By Sean Hayes
Appeared in the Korea Times on October 30, 2008
A renowned actress recently committed suicide after being traumatized by malicious comments posted on Internet message boards. The actress leaves behind her young children and adoring fans.
Politicians have reacted by proposing legislation that would impose a more rigorous real name registration requirement on the Internet and more heightened punishment for defamatory statements. Expansion of real name registration would assist prosecutors in obtaining the identity of those posting malicious comments and thus prosecute them under Article 309 and 311 of the Korean Criminal Act. Many have commented that these laws are needed, while others have noted that these laws should be discarded as archaic vestiges of the past.
In much of the developed West, these laws, as applied to this situation, would run afoul of their nations’ constitutions. However, in Korea because of a profound difference in attitude toward speech and the right to privacy the founders of the Korean Constitution chose to protect speech to a lesser degree. For example, Article 21(1) of the Korean Constitution notes that “All citizens shall enjoy the freedom of speech and the press and the freedom of assembly and association.”On the face of it this article is similar to the First Amendment to the U.S. Constitution which states that “Congress shall make no law … abridging the freedom of speech, or of the press; or the right of the people peaceably to assemble …”However, the Korean Constitution modifies this seemingly absolute protection, by noting, in Article 21(4) that “Neither speech nor the press shall violate the honor or rights of other persons nor undermine public morals or social ethics.”
The Korean Constitution, thus, in short, balances the right to free speech with the right to privacy, public mores and social ethics. This balance creates less protection for the freedom of speech than in the United States. It is interesting to note that the privacy protected, in application of the right, is not only against violations by the government, but violations by private individuals. Most constitutions only protect against actions by government.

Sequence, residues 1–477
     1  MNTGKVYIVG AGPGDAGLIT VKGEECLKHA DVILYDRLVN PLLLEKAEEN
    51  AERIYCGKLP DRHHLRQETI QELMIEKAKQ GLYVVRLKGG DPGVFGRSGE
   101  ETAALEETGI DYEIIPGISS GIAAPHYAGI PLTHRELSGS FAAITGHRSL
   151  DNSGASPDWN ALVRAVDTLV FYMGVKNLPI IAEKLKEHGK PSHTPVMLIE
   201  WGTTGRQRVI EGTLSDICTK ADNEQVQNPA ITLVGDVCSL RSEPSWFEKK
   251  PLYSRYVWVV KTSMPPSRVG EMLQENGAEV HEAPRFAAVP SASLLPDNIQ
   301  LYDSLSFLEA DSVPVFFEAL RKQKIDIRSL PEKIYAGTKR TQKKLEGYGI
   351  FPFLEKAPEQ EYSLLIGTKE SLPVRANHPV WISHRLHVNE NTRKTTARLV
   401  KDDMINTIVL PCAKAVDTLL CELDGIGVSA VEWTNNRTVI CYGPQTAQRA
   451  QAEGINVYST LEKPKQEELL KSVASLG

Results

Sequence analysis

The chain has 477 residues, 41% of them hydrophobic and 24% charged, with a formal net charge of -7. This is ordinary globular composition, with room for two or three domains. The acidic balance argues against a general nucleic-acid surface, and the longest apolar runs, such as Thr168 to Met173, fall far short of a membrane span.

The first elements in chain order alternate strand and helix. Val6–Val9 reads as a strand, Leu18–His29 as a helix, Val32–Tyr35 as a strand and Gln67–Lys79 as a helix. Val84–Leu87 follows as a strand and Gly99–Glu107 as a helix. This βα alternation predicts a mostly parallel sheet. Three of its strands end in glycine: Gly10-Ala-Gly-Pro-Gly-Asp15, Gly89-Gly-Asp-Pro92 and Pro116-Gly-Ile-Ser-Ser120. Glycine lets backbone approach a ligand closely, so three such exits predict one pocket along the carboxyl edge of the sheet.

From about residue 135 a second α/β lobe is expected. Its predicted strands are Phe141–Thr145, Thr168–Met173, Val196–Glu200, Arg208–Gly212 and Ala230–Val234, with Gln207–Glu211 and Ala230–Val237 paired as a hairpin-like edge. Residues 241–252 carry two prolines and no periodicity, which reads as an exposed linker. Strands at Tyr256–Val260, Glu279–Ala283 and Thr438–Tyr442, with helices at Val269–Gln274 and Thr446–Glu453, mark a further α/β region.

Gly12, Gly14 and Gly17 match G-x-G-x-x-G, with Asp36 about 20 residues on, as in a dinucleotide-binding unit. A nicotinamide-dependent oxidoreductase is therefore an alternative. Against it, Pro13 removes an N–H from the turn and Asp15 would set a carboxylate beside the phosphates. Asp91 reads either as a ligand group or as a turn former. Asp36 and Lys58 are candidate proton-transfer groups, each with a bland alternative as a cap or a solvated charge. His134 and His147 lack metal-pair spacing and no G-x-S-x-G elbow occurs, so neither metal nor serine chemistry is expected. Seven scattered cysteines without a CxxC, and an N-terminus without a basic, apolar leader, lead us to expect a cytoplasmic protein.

In contraposition, in America, the First Amendment has been interpreted as creating near absolute protection for the freedom of speech. Justice Benjamin Nathan Cardozo stated the reason for the near absolute protection of free speech by noting that “our history, political and legal,” recognized “freedom of thought and speech” as “the indispensable condition of nearly every other form of freedom.”
Thus, in America, criminal punishment for speech not coupled with action is nearly impossible to successfully prosecute and civil liability is available for a defamed public figure only if the plaintiff can prove that the defamatory comment is false and that the statement was made with “malice.” Malice is defined, in law, as either knowledge by the defendant that the statement was false or a reckless disregard by the defendant for the truth of the statement. Because of this high standard and that the burden of satisfying the standard is placed on the defendant, it is nearly impossible, except with the most flagrant mendacious statement, for a plaintiff to win a lawsuit.
This situation in Korea is very alarming and upsetting. However, most Americans would rather hear of these difficulties, which America also has a good deal of and which I have written about in these pages, than have an often biased government choose if speech violates “the honor or rights of other persons” or “undermine public morals or social ethics.”
However, Korea has a vastly different history and relies more on the government for solutions to difficulties.
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